But note also that judgment is personal. Three further examples from the Old Testament are noted to show that the judgment of God does fall individually. Cain, Balaam, and the sons of Korah are all examples of individuals bearing the judgment of God for their sins. It cannot be thought that such a judgment is escapable. The "way of Cain" is the way of the unbeliever. Cain was not a man of faith. The sacrifice which he brought to the Lord (Gen 4.3), and his refusal to respond to the word of God (Gen 4.7), with the subsequent murderous act against his brother, all combine to emphasise his unbelief. The Lord "set a mark upon Cain" (Gen 4.15) so that no one who found him would kill him. The judgment of Cain was to be left to the Lord alone.
The account of Balaam and his work (Num 22-24; 31.8) reveals that, under the instruction of Balak, king of Moab, he sought to curse Israel (Num 22.6). The Children of Israel were not aware at the time of this activity and in this way he pictures those in the spirit world who seek to disrupt and destroy any work that is for the glory of God. Due to the direct intervention of God Balaam was unable to carry out his evil designs to curse the nation, but the Adversary sought to carry out by corruption what he could not achieve by cursing (Num 25.1-18). In this he was also unsuccessful due to the courageous and timely intervention of Phinehas, the son of Eleazar the priest. The motive of Balaam in becoming involved in such a scheme is revealed by Jude; he did so for material gain and advantage. "The error of Balaam" was his desire for reward, just as the false teachers had material gain as part of their motives.
The "gainsaying" or "presumptuous rebellion" of Korah is next brought to the attention of the reader. This was a most serious uprising (Num 16.1-50) when Korah (spelt Core in Jude), who was a Levite, of the family of Kohath, and thus responsible for carrying the Ark and the holy vessels through the wilderness, rebelled with others against Moses and the Aaronic priesthood. This resulted in their destruction as the "earth opened her mouth and swallowed them up" (Num 16.32).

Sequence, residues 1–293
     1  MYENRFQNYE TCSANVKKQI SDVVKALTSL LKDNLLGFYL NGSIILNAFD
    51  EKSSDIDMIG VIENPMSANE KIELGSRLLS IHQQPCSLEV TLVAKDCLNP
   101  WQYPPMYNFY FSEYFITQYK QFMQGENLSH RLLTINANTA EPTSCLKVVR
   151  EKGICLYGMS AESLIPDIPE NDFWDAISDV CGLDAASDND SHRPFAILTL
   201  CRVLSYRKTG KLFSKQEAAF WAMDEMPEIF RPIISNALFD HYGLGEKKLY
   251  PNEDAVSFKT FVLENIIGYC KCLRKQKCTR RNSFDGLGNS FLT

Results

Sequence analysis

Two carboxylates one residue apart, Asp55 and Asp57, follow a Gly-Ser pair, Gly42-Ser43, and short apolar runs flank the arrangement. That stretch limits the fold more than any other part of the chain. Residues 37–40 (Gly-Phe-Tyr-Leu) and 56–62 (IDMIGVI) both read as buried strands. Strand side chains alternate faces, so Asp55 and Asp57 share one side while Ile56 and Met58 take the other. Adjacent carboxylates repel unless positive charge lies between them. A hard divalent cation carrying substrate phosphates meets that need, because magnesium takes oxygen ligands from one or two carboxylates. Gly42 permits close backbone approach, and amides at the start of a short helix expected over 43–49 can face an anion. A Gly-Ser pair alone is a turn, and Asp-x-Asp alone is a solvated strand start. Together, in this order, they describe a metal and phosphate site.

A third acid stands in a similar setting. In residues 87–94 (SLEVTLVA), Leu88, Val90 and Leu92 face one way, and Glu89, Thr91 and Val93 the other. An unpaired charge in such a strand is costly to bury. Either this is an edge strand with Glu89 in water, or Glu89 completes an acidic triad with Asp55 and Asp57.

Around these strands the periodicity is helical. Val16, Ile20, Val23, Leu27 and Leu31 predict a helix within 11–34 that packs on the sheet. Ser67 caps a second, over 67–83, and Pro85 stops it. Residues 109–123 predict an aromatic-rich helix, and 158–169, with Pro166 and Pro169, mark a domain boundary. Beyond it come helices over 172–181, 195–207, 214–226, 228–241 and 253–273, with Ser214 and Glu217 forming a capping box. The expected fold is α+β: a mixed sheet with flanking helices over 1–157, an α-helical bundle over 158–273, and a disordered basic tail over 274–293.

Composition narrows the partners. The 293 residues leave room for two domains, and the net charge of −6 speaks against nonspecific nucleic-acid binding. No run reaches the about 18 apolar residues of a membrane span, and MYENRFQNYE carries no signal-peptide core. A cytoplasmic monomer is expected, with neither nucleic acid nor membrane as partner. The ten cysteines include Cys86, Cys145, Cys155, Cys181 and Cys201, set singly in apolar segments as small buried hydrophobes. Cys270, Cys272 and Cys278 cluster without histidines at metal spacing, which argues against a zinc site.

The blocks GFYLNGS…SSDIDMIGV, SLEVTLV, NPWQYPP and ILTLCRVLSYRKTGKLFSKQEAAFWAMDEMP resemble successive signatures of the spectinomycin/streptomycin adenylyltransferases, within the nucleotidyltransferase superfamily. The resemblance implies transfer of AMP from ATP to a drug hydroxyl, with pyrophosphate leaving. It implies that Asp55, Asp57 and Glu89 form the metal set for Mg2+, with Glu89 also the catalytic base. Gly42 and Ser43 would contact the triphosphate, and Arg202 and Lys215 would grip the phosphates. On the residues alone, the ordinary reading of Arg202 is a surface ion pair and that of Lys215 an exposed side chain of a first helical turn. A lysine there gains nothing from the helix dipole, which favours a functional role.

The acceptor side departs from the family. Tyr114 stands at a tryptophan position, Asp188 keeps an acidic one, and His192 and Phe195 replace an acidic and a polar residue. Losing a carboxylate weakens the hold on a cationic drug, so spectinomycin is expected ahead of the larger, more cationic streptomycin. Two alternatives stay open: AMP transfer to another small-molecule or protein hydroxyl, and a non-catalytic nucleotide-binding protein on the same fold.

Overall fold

But, lest any consider that there may be a way of escape from such condemnation, Jude explains that judgment is promised. Enoch prophesied that the Lord Jesus would return and carry out this judgment. This is the earliest recorded prophecy of this great event (even although it was not written into Scripture until this relatively late date in the writing of the Word of God).
Lest any be discouraged by what has been written, Jude now reminds the readers that the present difficulties were not unexpected. The apostles taught that such men would arise. This should encourage us even today as we look around and see departure from the Scriptures. The Lord is not taken by surprise by such events and will act to preserve testimony on earth. There is no promise that the path will be easy, but He has promised that He will be with those who preach the gospel until the end of the age (Mt 28.20).
There has to be more, however, than resisting false teaching: there has to be personal spiritual growth. Thus it is that the closing exhortation is for saints to build themselves up, and to keep praying and relying on the Lord for it to be done. This will enable the readers to help those who have fallen under the influence of the false teachers.
The closing greetings are a reminder that there is One who can keep us from falling, and His power is available to us at any time.
Let us take away the lesson that doctrine is important and that what people belief is not, in the Christian faith, a matter of choice. We live in a day when firm principles are not popular in the world, but positive, unchanging beliefs are part of being a Christian. Doctrine is not only important; doctrine based on the revealed teaching of the Word of God is vital!